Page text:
FYI: The colour of your passport says something about your nation

Do you hate the picture of you in your passport? Do you get embarrassed every time you have to show this to someone at the visa office or at immigration? Every traveller reaches a point where they accept defeat and resign themselves to the fact that the photo on their passport will never meet their expectations. No one gets a say in their passport’s external appearance – you can’t choose the country, the inspirational quote framing the front page or the colour of the cover.

However, that said, the colour of your passport is not something completely arbitrary either. A fact that recently emerged and gained circulation was that passports only come in shades of black, blue, green and red.  Passport colours are closely related to geography and policy. The colour and design of the passport cover can be chosen by the government of the country, but the required size and format are decided by the International Civil Aviation Organization (ICAO). Thus, your passport cover does say something about your nation. Here is a list of the various passport cover colours and the significance they hold.

Black

black

Rarest of the four colours, black passports are typically seen on the passport covers of countries that have a prominent Black population or where black plays a significant role. The African nations (Chad, Zambia, Botswana, Angola, Gabon, Barundi, Malawi, Democratic Republic of Congo) usually have black passports. However, so does New Zealand due to its connection to black as the national colour.

Sometimes, one may also find themselves encountering a rare black U.S passport. This means that the traveller in possession of this has been granted diplomatic immunity and cannot be stopped by airport staff to be searched, arrested, detained or delayed in any manner.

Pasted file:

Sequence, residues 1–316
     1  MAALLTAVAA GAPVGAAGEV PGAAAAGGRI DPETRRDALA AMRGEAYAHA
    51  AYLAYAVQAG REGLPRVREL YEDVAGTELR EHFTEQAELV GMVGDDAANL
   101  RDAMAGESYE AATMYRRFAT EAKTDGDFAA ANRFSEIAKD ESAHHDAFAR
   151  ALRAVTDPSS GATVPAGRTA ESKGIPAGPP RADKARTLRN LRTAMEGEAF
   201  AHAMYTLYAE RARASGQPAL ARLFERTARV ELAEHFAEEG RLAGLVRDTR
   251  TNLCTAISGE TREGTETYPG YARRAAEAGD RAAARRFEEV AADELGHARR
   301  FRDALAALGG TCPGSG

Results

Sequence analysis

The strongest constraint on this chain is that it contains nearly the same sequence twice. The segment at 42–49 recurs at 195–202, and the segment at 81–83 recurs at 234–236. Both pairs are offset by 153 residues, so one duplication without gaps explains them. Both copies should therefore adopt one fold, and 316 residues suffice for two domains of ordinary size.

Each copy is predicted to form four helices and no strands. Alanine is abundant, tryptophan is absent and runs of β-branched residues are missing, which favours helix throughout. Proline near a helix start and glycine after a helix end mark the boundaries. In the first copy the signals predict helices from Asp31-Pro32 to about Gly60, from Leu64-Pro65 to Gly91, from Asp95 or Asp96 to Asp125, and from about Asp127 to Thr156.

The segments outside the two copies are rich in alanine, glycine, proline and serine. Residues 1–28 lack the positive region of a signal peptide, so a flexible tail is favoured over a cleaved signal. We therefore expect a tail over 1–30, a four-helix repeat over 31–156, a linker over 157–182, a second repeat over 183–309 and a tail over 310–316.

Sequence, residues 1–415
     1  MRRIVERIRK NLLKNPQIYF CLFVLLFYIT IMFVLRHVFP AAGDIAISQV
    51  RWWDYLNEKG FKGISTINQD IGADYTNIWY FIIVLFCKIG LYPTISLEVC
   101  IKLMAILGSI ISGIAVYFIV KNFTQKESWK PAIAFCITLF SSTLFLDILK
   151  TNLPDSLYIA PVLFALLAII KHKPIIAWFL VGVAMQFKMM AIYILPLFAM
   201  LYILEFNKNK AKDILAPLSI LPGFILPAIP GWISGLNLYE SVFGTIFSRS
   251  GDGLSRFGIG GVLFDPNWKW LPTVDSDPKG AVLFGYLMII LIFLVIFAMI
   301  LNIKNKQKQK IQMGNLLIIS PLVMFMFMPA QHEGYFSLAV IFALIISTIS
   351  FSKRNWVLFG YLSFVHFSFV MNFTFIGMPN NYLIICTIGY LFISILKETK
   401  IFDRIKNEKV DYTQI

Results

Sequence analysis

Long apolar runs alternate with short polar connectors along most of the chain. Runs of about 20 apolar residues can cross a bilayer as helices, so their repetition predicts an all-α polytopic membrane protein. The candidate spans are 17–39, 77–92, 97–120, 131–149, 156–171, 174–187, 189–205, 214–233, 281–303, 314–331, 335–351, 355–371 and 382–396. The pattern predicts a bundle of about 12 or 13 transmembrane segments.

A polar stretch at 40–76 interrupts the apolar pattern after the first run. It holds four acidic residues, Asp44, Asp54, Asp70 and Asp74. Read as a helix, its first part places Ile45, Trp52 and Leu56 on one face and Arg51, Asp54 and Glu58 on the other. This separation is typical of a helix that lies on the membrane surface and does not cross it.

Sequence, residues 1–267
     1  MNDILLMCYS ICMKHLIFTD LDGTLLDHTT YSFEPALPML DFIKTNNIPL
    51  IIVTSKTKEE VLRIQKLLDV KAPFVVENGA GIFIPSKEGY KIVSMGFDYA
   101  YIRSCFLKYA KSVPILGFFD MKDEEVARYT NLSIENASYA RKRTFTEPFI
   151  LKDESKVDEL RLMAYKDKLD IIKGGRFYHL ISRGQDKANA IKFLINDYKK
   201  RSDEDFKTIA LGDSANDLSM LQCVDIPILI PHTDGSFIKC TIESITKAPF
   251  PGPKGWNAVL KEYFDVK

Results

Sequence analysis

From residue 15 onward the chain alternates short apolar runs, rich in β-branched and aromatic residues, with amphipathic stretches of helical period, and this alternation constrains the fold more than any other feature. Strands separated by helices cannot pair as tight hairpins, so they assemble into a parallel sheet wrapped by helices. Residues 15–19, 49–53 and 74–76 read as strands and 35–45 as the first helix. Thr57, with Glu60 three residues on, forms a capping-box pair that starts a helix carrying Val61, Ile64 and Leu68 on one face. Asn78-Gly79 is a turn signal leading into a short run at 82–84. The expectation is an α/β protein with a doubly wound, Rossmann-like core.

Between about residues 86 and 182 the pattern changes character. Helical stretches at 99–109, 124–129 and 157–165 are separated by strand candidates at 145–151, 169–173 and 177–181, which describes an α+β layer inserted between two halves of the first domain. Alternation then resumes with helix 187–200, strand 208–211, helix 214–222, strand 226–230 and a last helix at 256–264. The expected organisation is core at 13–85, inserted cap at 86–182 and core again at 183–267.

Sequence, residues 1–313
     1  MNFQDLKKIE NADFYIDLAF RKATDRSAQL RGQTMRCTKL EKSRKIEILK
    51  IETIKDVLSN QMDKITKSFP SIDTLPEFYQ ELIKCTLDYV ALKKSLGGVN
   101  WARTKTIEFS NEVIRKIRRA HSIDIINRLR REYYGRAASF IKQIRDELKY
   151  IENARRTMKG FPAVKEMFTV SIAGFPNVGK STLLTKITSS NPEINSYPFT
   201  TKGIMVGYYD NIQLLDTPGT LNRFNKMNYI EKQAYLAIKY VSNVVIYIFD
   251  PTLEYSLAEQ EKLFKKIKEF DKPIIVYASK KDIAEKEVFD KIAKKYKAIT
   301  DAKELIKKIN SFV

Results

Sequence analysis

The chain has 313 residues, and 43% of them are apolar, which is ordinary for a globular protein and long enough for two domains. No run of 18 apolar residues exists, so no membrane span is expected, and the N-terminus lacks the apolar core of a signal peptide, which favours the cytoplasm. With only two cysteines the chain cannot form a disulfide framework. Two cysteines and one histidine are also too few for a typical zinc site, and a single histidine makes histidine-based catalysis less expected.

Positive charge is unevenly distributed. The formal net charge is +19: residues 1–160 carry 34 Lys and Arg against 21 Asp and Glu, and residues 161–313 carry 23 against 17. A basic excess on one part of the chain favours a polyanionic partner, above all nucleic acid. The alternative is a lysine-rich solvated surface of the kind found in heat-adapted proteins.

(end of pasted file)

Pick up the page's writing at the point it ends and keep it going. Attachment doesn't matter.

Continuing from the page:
Blue

blue

Member States of the Caribbean Community have blue passports owing to their location which is the midst of oceans and off coasts. Blue passports are also held by the sub-regional bloc South American countries namely Argentina, Venezuela, Brazil, Uruguay and Paraguay due to their connection with Mercosur, a customs union.

Today, the U.S passport is also blue and has been that way since 1976. It was originally a green passport and was changed to blue for the bicentennial celebration to reflect the colour of the American flag. A special green passport was issued between 1993 and 94, for the 200th anniversary of the U.S Consular Service, but the blue colour has been retained since 1994.

Green

green

Similar to how black passports are symbolic of the country’s connection to the colour black, green passports are also coloured this way due to the prominent role of the colour in the country. However, green is often equated to the colour of Islam as Prophet Muhammad’s favourite colour is believed to be green owing to the fact that he wore a green cloak and turban. It is also a colour that features on the flags of Muslim countries such as Iran, Pakistan, Mauritania and Afghanistan. As a result, countries that consider Islam their religion often hold passports of this colour (Example: Pakistan, Saudi Arabia, Morocco, etc.).

Many African nations such as Niger, Nigeria, Senegal, Ivory Coast, Burkina Faso and so on also issue green passports due to their distinction as members of the Economic Community of West African States (ECOWAS).

Red

red

Countries with red passports often have a connection to a communist past or present; they are countries that have had a significant interaction with communism. China, Latvia, Slovenia, Serbia, Poland, Georgia, Romania are popular examples of Communist countries with red passports.

A number of Nordic countries also issue red passports on account of the fact that red was a popular colour in the Viking age and is also found on most of their national flags. The covers of passports of countries that are a part of the European Union are a darker, burgundy shade. Macedonia, Turkey and Albania have also changed their covers to match this burgundy in hopes of matching EU aspirations, in what was termed as the ‘branding exercise’.

Evident from this list is the fact that the passport cover colours are not as random as most people believe, but instead, have a strong correlation to the past or present of the country. Check out the passport colours of your fellow travellers next time you’re stuck in a long queue at immigration and attempt to guess which country they may be coming from! Maybe some books can be judged by their covers after all.

Leave a Reply

Your email address will not be published. Required fields are marked *